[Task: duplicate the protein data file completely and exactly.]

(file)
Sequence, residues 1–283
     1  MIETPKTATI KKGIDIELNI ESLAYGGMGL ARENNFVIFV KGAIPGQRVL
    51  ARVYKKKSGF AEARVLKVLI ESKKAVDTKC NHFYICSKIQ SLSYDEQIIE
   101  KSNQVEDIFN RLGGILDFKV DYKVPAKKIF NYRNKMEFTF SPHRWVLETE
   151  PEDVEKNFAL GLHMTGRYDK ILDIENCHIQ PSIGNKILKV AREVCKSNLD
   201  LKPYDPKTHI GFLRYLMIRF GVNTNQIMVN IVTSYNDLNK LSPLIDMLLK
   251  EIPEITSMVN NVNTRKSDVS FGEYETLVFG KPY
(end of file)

Sequence, residues 1–283
     1  MIETPKTATI KKGIDIELNI ESLAYGGMGL ARENNFVIFV KGAIPGQRVL
    51  ARVYKKKSGF AEARVLKVLI ESKKAVDTKC NHFYICSKIQ SLSYDEQIIE
   101  KSNQVEDIFN RLGGILDFKV DYKVPAKKIF NYRNKMEFTF SPHRWVLETE
   151  PEDVEKNFAL GLHMTGRYDK ILDIENCHIQ PSIGNKILKV AREVCKSNLD
   201  LKPYDPKTHI GFLRYLMIRF GVNTNQIMVN IVTSYNDLNK LSPLIDMLLK
   251  EIPEITSMVN NVNTRKSDVS FGEYETLVFG KPY